Wednesday, February 22, 2012

'Nuff said

(Taking context-optional note of thought-provoking quotes)
'Prosecuting dead people has only happened a few other times in history. Such dead defendants included Joan of Arc, Thomas Becket, John Wycliffe, and Martin Bormann. The Catholic Church banned the practice centuries ago. In modern jurisprudence prosecution of the dead is unheard of, particularly by civilized nations who respect the rule of law. We simply do not try the dead. This Russian example of justice brings shame to the rule of law and discredit upon its judicial system.'
-- Our colleague, Syracuse Law Professor David M. Crane, in a Jurist commentary that criticizes a plan "to put on trial a dead man, Sergei Magnitsky, a lawyer, who died in prison from the effects of his imprisonment and torture by the Russian Government in November 2009." (credit for card depicting Joan of Arc/Jeanne d'Arc -- including her death in 1431, at age 19, by burning at the stake)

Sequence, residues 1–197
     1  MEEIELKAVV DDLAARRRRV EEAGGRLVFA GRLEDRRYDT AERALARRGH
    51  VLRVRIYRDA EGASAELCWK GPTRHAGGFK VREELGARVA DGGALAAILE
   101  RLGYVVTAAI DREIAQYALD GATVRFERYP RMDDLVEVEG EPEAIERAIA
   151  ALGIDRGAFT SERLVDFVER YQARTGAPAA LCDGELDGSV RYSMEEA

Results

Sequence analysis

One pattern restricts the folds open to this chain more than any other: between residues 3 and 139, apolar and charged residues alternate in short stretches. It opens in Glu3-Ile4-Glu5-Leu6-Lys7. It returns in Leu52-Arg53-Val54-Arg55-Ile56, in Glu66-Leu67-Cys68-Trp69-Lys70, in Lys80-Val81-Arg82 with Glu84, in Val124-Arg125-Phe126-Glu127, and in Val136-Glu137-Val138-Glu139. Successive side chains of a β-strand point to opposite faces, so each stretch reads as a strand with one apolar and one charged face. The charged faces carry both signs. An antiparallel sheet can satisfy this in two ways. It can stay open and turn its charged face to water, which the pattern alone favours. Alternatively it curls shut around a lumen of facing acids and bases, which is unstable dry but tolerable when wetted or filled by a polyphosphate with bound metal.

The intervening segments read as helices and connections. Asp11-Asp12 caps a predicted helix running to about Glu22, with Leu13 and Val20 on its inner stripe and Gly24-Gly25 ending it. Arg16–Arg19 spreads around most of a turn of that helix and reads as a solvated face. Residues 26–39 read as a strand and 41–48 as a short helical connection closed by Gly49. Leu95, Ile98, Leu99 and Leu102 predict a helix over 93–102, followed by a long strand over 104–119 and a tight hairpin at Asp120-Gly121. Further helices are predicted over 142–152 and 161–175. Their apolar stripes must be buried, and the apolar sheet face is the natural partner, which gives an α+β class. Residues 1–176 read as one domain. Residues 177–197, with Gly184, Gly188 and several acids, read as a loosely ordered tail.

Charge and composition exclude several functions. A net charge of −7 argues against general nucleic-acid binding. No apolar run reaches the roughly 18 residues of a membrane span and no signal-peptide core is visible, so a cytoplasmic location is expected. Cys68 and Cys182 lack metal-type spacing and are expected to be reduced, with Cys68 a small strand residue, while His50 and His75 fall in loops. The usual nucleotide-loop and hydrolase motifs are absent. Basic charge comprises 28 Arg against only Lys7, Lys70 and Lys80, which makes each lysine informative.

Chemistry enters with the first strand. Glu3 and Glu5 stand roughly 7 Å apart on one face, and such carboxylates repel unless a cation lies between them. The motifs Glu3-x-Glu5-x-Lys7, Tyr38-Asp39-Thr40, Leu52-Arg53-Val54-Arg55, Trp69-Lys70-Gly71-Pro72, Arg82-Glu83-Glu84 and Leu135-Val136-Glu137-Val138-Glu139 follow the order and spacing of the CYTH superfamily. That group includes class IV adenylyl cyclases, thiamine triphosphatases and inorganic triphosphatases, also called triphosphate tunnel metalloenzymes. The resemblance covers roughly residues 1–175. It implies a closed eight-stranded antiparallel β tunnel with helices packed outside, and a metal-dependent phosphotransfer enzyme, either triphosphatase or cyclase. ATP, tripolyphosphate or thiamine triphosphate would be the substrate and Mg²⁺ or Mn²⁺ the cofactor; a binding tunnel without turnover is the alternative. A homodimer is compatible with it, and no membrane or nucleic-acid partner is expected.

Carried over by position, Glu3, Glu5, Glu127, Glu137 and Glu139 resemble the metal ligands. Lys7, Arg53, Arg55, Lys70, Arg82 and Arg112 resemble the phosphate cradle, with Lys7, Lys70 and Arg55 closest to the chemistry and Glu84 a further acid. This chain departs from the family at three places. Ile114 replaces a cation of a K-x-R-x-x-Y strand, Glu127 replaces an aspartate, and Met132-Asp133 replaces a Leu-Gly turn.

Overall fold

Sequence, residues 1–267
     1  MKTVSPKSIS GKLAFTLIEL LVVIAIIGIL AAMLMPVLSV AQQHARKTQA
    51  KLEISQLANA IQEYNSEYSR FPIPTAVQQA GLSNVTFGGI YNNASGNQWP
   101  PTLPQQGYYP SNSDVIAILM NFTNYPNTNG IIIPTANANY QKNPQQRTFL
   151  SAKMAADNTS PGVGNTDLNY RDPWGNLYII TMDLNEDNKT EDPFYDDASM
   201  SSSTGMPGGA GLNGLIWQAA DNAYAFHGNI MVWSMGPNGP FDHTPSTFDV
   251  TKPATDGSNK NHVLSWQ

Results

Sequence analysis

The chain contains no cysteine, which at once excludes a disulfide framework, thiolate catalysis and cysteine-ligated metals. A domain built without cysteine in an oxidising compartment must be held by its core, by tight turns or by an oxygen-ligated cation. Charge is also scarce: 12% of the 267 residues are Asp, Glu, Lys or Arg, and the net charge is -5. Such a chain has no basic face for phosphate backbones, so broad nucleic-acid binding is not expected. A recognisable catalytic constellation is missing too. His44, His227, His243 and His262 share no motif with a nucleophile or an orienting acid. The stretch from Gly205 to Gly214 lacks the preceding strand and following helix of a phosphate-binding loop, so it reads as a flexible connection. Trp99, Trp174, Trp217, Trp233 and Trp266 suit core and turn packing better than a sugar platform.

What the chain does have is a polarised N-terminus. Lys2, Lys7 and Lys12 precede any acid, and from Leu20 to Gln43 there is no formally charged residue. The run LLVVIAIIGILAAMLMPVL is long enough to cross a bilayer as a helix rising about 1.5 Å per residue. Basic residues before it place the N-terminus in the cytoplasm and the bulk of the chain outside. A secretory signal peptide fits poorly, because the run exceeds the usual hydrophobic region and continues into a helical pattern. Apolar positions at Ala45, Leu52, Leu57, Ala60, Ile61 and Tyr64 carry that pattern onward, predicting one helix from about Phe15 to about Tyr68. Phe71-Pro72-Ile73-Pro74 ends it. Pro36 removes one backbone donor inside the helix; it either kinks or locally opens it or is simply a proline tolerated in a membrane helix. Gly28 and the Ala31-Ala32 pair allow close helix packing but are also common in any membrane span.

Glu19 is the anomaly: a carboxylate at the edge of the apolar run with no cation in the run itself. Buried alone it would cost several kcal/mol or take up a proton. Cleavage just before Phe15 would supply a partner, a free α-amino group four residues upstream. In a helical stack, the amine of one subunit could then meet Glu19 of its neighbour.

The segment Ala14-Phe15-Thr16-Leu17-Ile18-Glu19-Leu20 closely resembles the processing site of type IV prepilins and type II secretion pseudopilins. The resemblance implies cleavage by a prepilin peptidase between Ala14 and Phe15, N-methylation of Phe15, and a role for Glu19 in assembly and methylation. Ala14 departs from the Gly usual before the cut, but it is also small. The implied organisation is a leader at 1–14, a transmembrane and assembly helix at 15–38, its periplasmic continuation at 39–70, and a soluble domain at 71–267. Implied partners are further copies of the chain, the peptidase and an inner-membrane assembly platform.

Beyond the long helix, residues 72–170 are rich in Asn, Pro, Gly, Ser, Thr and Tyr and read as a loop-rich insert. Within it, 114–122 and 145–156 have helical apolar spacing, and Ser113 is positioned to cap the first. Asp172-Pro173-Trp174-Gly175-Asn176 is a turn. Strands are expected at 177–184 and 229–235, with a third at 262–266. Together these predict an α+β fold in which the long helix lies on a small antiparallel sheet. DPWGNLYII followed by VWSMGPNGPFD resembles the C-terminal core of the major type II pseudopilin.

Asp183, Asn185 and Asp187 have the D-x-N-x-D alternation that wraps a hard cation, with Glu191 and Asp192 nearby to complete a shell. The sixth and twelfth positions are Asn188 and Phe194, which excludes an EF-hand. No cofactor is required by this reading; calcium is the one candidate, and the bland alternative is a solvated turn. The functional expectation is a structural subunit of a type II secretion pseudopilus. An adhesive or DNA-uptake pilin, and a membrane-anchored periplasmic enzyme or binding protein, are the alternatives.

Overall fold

1 comment:

John Q. Barrett said...

FWIW, the absent Martin Bormann was tried at Nuremberg during 1945-46 because he was not known/proven to be dead. The pretrial argument and IMT ruling is here: (N.B. the USSR position there, which has some relevance in thinking about the Russian approach today to Magnitsky.)

In addition, the charges against Nuremberg IMT defendant Robert Ley were dismissed after he committed suicide, as were the charges against defendant Gustave Krupp after the IMT found him to be incompetent.

Thus Nuremberg is entirely (or nearly entirely, depending on how one reads and thinks about the USSR position stated in spare/cryptic fashion by Col. Pokrovsky) on David Crane's “real law doesn’t try dead people (or even the incompetent)” side of assessing what Russian is proposing to do to the ghost of Magnitsky.